By Starrla Cray
LESTER PRAIRIE, MAYER, MN As a 21-year-old Republican college student, Lester Prairie native Ben Schwanke is a standout candidate for the Minnesota Senate District 59 seat in more ways than one.
“I had just been doing some volunteer work for the [Republican] party, and one thing led to another,” Schwanke said, explaining his decision to run for office.
Schwanke and five DFL contenders are vying for a seat vacated by Sen. Larry Pogemiller, who was recently appointed by Gov. Mark Dayton to direct the Minnesota Office of Higher Education.
A special election for Senate District 59 will take place Tuesday, Jan. 10, 2012.
“We are hopeful we can win,” said Schwanke, the son of Gerald and Nancy Schwanke of Mayer.
Schwanke, a 2008 graduate of Mayer Lutheran High School, is earning a degree in math and secondary education from Augsburg College in Minneapolis.
His siblings, Vanessa and Andrew, also live in the Twin Cities.
Schwanke has always been drawn to activities that benefit others, such as coaching youth sports, tutoring struggling math students at Marcy Open School, and helping seniors complete their high school careers at South High School.
In college, he began volunteering for the Republican Party.
“It was just getting involved and helping out,” Schwanke said. “They always need workers.”
Last spring and fall, Schwanke had the opportunity to intern at the state capitol.
“It’s interesting seeing the whole process of bill creation, and seeing bills work their way up the committee,” he said.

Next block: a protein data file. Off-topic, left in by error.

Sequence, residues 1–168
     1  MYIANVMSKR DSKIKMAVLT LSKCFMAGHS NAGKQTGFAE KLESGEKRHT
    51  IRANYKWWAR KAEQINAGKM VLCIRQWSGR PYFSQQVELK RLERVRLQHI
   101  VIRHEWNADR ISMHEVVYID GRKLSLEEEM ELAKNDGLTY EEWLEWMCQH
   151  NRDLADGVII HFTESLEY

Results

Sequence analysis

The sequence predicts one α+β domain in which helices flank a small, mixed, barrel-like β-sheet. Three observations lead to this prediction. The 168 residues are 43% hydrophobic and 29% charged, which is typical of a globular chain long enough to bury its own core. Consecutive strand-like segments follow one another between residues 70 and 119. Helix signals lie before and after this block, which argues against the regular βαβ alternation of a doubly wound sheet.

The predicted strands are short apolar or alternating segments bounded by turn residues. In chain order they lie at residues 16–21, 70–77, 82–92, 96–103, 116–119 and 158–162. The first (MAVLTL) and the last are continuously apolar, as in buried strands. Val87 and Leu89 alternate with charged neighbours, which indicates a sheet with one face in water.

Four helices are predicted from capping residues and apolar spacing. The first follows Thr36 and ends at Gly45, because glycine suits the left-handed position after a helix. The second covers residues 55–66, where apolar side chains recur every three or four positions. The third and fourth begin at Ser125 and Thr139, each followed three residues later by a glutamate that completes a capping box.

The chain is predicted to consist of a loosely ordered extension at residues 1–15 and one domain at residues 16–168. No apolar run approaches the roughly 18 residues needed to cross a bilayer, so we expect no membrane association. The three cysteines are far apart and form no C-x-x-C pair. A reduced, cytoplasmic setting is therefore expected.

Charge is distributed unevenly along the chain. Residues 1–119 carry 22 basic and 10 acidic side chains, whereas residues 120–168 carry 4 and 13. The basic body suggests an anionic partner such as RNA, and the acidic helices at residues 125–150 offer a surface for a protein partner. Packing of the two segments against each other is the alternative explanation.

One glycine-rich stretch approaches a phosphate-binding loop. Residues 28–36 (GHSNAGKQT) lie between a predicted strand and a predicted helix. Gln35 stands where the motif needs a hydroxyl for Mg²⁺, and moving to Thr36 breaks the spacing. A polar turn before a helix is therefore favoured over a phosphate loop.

When the position for state senate opened up, Schwanke was ready to become even more involved.
According to a letter to the editor in the University of Minnesota’s campus newspaper, Minnesota Daily, Schwanke has “common-sense ideas” that will help college students and make the state a better place.
“As all of the candidates fought about who could best grow government, Schwanke stood out as the only one who seemed to really understand the spending problem our state faces,” Minnesota College Republican Chairman Ryan Lyk stated in the letter.
At a recent forum at the U of M campus, Schwanke empathized with students on high tuition and rent costs, and proposed that students pay a set tuition rate throughout their university career, according to a Nov. 29 article in the Minnesota Daily.
As a future high school math teacher, Schwanke said one of his goals is to help “reform the education system.”
“It’d be great to get more local control,” Schwanke said. “School boards know the students better than anyone else. More of the decisions should be made by them, not through state and federal mandates.”
Schwanke also has ideas to help with job growth.
“One goal I have is trying to help make a more business-friendly climate,” he said.
In the past few weeks, Schwanke has been busy getting to know people from various organizations throughout the district.
“I’d like to get students more involved in the political process,” Schwanke said, adding that college students make up about 35 percent of the district’s voter population.
If Schwanke is elected in January, he will be up for reelection in November 2012.
“I’d definitely seek reelection,” he said.
To contact the campaign, email email@example.com.
People who would like to donate to Schwanke’s campaign can do so through his website, http://www.voteschwanke.com/